And protecting the environment is only one aspect of the group’s conception of sustainability. The other key element is about empowering communities. Inspired by the work of women’s rights activist Shirin Fozdar, Chiang conceived retail arm Banyan Tree Gallery as a showcase for items created by rural craftswomen. “That idea of enabling local communities and showcasing their talents is something that is also very strong in our hotels in terms of how we source our artwork, the upholstery and fabrics that we use, and the design principles that underlie each of the hotels’ local sense of place,” adds Ren Yung.
The company initiates and supports a variety of education and humanitarian initiatives in the places where it operates, such as setting up the accredited Laguna Phuket Kindergarten and establishing the Phuket Tsunami Recovery Fund in the wake of the 2004 Indian Ocean tsunami. Since 2007, it’s been running the Seedlings programme, which provides youths with mentorships and scholarships. “It’s a yin and yang thing—we’re not just about embracing the environment and saving endangered species. We also want to help develop the people in the communities we work in,” says Ho.
Both strands of this sustainability ethos will feature in the group’s 25th anniversary celebrations this year. “We will plant 25,000 trees this year, which means that by the end of 2019, our group would have planted half a million trees,” says Chiang. “In addition, we will support 25 local schools across different regions in capacity building.”
“We don’t approach this as philanthropy,” she adds. “Philanthropy tends to mean you give to causes when you have extra money. We want to be a business that stewards the resources we are given in a responsible way, and we want to create value in the communities we work with.”
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To that end, the company’s Stay for Good programme invites guests to donate US$2 for each night of their stay. These contributions are then matched by Banyan Tree and disbursed to various sustainability initiatives through the Banyan Tree Global Foundation, the group’s non-profit arm. “So regardless of the profitability of the business itself, we match our guests’ contributions,” says Ho. “And our guests also realise that they are part and parcel of this whole sustainability enterprise.” Since its inception in 2009, this foundation has disbursed close to US$8 million.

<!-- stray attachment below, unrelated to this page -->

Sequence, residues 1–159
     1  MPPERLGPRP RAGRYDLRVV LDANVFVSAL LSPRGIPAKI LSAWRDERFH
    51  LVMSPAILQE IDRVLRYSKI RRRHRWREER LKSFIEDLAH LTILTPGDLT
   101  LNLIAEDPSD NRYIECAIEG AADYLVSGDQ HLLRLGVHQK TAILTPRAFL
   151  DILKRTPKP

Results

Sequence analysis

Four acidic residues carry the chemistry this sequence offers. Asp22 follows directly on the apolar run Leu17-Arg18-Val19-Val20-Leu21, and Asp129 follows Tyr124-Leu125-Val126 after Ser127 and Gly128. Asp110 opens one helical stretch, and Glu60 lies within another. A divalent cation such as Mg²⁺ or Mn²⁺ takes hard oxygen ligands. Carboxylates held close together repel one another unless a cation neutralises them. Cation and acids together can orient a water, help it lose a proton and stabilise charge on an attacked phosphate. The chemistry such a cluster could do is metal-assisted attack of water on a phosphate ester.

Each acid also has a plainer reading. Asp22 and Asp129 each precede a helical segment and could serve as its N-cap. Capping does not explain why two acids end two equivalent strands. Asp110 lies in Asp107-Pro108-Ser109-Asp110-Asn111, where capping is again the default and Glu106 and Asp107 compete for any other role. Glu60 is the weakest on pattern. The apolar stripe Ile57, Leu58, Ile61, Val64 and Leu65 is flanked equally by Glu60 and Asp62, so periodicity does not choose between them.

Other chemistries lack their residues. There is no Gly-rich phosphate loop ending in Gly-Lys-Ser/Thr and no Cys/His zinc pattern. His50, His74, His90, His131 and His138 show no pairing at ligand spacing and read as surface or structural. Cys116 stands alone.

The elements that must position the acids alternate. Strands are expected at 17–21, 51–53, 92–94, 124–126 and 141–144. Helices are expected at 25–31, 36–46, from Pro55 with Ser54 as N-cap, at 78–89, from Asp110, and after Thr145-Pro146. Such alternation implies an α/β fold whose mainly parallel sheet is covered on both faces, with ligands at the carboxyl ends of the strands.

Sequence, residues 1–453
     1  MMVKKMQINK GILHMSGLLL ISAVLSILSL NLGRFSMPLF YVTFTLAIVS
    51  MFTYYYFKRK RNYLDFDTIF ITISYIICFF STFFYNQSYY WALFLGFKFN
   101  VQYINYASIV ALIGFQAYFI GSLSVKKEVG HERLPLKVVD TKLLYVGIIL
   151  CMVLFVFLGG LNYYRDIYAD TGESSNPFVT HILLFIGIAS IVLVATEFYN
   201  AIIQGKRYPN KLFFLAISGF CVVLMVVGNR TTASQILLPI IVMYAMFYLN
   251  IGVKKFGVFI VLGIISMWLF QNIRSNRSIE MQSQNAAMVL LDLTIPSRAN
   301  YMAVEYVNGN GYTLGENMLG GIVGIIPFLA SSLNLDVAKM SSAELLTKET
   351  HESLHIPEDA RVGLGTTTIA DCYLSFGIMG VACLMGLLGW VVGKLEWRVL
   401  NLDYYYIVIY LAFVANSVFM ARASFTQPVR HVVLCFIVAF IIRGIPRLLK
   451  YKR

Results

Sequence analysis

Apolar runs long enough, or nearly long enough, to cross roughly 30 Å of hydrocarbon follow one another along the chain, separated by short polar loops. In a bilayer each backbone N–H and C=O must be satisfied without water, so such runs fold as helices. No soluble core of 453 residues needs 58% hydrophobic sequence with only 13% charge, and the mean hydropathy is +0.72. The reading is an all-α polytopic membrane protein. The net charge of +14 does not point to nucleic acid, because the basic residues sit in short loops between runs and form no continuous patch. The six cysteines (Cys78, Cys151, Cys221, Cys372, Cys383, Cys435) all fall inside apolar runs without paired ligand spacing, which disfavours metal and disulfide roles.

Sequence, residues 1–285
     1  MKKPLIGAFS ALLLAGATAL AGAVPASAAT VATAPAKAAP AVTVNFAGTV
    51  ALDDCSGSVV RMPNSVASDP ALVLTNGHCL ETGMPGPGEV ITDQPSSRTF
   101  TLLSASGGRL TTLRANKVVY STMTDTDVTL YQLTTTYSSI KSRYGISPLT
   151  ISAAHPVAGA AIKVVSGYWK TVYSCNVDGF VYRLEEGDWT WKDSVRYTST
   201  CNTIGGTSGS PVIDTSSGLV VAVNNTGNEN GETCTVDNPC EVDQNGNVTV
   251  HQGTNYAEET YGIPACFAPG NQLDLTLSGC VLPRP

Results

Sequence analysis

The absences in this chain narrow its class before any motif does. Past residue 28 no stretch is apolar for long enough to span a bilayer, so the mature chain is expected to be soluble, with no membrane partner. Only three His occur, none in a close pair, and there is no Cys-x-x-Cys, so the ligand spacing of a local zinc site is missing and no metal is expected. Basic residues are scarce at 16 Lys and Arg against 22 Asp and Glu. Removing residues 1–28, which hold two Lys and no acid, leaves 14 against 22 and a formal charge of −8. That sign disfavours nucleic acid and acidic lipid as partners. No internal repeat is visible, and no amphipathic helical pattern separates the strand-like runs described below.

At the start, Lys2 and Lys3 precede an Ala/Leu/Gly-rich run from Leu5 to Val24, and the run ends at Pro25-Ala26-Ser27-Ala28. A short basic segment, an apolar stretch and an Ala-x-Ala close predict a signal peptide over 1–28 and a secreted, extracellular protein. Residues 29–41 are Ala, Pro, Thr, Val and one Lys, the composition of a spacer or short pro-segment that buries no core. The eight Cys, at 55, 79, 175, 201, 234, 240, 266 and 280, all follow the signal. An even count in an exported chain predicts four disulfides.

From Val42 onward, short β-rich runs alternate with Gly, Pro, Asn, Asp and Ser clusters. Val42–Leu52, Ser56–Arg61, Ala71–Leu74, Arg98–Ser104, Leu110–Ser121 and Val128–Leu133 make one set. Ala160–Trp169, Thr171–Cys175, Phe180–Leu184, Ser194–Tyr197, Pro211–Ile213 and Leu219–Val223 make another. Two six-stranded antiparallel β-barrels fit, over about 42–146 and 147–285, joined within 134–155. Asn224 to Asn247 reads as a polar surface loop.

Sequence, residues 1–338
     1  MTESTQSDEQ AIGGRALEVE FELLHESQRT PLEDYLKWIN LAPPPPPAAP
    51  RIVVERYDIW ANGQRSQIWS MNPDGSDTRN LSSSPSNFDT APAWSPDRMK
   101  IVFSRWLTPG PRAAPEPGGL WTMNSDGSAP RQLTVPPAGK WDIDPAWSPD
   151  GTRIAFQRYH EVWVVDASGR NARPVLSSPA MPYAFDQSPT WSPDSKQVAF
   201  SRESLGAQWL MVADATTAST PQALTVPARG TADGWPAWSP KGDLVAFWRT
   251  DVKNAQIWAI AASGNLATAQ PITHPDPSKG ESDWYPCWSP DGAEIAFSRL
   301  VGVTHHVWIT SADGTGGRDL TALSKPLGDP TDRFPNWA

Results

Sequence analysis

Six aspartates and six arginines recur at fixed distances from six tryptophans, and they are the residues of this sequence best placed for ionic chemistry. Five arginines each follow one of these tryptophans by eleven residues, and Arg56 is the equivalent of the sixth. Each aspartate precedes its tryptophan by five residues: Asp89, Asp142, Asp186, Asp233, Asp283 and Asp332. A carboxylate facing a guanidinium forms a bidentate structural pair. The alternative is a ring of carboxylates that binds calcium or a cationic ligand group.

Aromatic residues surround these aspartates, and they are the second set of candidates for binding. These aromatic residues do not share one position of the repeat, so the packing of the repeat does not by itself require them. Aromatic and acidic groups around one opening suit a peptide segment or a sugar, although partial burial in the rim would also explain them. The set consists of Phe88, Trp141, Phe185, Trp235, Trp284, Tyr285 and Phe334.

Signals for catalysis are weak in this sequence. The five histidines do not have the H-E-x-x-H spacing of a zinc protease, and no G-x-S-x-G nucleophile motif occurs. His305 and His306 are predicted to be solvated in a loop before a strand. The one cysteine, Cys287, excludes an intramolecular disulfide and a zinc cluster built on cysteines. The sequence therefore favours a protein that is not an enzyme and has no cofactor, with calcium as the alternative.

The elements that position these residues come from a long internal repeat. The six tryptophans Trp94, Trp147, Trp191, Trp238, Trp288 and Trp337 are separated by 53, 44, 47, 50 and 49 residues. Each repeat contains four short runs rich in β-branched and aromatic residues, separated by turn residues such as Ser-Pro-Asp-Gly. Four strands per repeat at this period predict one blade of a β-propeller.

To nurture its own staff (whom the company terms associates), Banyan Tree runs its own management and spa training academies, and pays out all service charges to employees, which is not the norm in many countries’ hospitality industries. “It’s about how we are all in this together, I think that’s the whole point,” says Ho of this choice. “Every little thing you do helps to build up a strong company culture.” For this year’s 25th anniversary festivities, for instance, staff got a chance to shine in a group-wide talent contest, whose finals were held in June at Banyan Tree Mayakoba in Mexico. In September, special recognition events for associates will also be a key part of the anniversary gala celebrations. “Other companies would bring in celebrities, big names. But people in Banyan Tree know what our celebrations are like. It is about thanking and celebrating our dedicated associates.”
ADAPTING TO CHANGE AND TRANSFORMING WITH NEW POSSIBILITIES
With this new world, of course, comes new expectations. Ren Yung sees adaptability as one of the company’s core values, and one that is crucial today as guests become more diverse. “Previously, we would have a set of standards and created quite a uniform experience. But that’s not the case anymore. We now encounter guests with different needs and desires, and we need to have the capacity and empathy to understand how to adapt to them and create the experiences they would like to have. We believe exceptional customer experiences start with our associates, so we are spending a lot of time building that strong foundation of service culture and leadership from within.”